Update: Apple has updated iOS Maps with correct data for Mildura, Australia, reports The Guardian, with the changes being pushed out hours after reports brought attention to the matter. The refreshed information may not available for all users, however, as AppleInsider checks still show Mildura as being in the same incorrect location.
Directions to Mildura via iOS 6 Maps app. | Source: Apple
According to the police bulletin, over the past few weeks a number of rescue operations were carried out as motorists on their way to the city of Mildura became stranded in the Murray-Sunset National Park, each of which cited faulty directions from Apple's Maps app.
Due to bad cell coverage in the area, travelers walked long distances without food or water to call authorities, which in some cases took up to 24 hours to complete the rescue. While no fatalities have been reported, police are concerned that the park's lack of water and harsh temperatures could prove the app's inaccuracies to be a "potentially life threatening issue." Apple's mapping app allows for caching of data for offline use, explaining how those who found themselves lost were able to continually access directions.
It appears the problem lies in iOS Maps location data for Mildura, which places the small city over 40 miles south-east of its actual location, and not the navigation system itself. It is unknown why the problem has only recently been reported, though Apple is continually making changes to its mapping service and even offers users a way to help by reporting issues which are then vetted by the Maps team.
"Police have contacted Apple in relation to the issue and hope the matter is rectified promptly to ensure the safety of motorists travelling to Mildura," Victoria police said in a briefing posted to its website. "Anyone travelling to Mildura or other locations within Victoria should rely on other forms of mapping until this matter is rectified."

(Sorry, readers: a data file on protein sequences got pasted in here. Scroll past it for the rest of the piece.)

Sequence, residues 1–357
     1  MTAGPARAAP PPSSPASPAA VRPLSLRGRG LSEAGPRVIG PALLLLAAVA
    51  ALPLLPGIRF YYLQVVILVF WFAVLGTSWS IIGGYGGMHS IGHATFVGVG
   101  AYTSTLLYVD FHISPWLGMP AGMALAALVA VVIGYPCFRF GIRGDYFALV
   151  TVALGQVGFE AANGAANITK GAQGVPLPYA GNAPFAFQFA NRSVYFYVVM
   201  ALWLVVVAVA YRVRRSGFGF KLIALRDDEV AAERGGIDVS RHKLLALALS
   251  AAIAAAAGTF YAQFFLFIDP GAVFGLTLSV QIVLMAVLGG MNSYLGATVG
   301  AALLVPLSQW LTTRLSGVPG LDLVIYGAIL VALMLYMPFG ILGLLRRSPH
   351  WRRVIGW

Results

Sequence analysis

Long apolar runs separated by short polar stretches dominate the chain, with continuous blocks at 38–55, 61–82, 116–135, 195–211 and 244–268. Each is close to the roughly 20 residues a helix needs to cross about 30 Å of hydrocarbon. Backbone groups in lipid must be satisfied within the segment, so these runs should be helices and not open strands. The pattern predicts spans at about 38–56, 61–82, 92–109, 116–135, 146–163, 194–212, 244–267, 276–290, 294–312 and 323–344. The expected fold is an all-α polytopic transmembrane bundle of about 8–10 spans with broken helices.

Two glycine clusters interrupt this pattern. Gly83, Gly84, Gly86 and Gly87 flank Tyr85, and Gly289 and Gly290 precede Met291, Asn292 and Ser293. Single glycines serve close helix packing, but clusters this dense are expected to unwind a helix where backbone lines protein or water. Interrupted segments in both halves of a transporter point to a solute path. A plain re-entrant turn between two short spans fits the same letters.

Red box represents approximate location of where motorists were being directed. | Source: Google Maps
Apple came under fire in September when the Maps app launched to a flood of criticism over incorrect data, lack of features and poor initial implementation of 3D Flyover views. In response to the consumer outcry, CEO Tim Cook issued a letter publicly apologizing for the debacle, saying that the company "fell short" with its mapping efforts.
Unlike previous iterations of the app, which leveraged Google Maps data on the backend, the iOS Maps app uses in-house software to give directions based on assets from TomTom and other providers. In moving away from Google, Apple reportedly waived one year of its Google Maps contract, losing access to the internet search giant's years of gathered data and imagery, including the popular Street View feature.
Currently, Apple's Senior Vice President of Internet Software and Services Eddy Cue is reportedly "racing" to improve Maps, one of the first steps being the ousting of former project head Richard Williamson.